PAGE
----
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Transducers of mechanical energy
into electrical energy by the use of crystal salts or ceramics
(piezoelectric material) that, when their shape is distorted by changes
in air pressure on a diaphragm, produce minute voltages.
Places electrons on one side of a
capacitor attached to the diaphragm of a condenser microphone. The
action of the diaphragm forces some of those electrons to cross from one
side to the other of the capacitor, dependent on the force of the
A crystalline material (usually
made of germanium). It is a non-linear amplifying element used in almost
all audio circuitry today. Great effort must be made to reduce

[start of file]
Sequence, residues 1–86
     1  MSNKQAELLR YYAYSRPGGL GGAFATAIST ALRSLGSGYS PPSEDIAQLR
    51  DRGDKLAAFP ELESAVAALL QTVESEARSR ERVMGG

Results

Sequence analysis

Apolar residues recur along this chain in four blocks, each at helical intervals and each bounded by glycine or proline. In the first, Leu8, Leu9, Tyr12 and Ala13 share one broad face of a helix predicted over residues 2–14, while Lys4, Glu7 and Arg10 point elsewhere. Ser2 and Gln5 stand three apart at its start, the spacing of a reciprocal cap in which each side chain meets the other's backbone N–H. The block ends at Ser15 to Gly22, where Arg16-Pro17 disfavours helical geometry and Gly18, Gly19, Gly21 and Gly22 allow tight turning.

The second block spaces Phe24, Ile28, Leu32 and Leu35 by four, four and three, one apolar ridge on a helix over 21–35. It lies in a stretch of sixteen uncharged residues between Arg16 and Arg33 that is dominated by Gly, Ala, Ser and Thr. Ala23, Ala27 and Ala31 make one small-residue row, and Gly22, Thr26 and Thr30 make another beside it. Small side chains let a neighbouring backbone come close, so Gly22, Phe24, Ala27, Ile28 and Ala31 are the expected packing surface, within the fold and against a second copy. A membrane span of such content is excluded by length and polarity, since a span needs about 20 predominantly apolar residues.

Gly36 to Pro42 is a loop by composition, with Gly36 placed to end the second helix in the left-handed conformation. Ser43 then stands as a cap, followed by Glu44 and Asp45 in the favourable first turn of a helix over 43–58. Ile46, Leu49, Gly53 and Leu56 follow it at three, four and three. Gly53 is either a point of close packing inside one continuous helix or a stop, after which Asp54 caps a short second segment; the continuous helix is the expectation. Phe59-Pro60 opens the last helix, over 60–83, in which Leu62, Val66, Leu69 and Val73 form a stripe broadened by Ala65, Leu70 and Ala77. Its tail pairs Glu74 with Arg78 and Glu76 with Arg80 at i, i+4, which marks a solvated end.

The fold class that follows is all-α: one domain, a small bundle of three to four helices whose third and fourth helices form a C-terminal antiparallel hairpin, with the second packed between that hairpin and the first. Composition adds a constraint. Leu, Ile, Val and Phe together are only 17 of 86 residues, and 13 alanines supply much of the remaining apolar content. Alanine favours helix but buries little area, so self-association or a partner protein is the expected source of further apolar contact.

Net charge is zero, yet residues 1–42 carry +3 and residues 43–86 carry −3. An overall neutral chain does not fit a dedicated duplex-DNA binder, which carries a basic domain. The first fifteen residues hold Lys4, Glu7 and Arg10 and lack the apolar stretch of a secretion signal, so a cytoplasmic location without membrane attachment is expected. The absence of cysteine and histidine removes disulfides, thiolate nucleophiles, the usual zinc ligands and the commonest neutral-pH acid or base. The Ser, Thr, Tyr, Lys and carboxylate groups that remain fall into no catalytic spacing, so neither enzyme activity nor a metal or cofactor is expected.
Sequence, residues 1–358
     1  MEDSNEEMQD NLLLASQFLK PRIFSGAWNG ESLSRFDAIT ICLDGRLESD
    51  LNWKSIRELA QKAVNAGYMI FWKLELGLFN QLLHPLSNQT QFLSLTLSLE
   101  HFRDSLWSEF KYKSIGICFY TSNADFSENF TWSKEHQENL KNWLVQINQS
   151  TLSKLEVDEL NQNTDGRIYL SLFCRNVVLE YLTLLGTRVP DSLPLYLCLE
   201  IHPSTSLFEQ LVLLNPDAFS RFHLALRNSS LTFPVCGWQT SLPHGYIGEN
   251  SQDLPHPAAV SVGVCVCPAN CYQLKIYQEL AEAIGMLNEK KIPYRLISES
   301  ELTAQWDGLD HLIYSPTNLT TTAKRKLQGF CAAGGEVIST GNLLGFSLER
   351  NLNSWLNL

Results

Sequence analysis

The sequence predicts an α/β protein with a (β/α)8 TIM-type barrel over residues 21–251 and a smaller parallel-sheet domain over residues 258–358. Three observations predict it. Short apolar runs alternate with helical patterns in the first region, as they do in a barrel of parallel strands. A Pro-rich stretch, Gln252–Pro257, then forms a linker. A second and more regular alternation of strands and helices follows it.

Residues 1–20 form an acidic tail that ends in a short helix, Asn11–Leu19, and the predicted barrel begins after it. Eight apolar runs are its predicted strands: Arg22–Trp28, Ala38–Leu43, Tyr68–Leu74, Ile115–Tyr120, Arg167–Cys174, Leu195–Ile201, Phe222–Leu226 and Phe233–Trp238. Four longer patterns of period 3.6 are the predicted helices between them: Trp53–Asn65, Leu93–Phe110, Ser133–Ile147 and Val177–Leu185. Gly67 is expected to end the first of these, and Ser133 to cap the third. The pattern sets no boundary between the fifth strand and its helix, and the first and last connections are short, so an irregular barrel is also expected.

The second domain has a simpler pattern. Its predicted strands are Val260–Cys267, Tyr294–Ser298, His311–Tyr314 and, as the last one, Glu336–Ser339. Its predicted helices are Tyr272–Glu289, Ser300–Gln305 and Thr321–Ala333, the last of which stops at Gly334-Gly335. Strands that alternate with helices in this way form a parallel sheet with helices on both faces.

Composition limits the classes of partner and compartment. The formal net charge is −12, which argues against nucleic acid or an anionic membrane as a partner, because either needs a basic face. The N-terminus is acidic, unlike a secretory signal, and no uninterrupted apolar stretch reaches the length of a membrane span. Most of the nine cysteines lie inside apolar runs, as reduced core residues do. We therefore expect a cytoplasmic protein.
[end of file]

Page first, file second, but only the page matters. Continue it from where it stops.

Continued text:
distortion introduced by these devices in order to make their output
linear, or like the original signal, only louder.
The amount of increase of current
allowed to flow through a circuit. Incorrectly called "volume," since
that is a sensory judgement made about sounds and has little, if
anything, to do with an electronic circuit.
refers to the kind of cabinet
that any kind of speaker is mounted in. A speaker is mounted in the
front of a box. Vent holes are also placed on the front to allow
reflected and reinforced sounds from inside the box to combine with
those emanating directly from the front of the speaker.
Refers to the cabinet in which a
speaker is mounted. An airtight, sealed box, that is responsible for
returning the speaker cone to its neutral position using the air
pressure contained within the cabinet. These are sometimes called
"acoustic suspension speakers."
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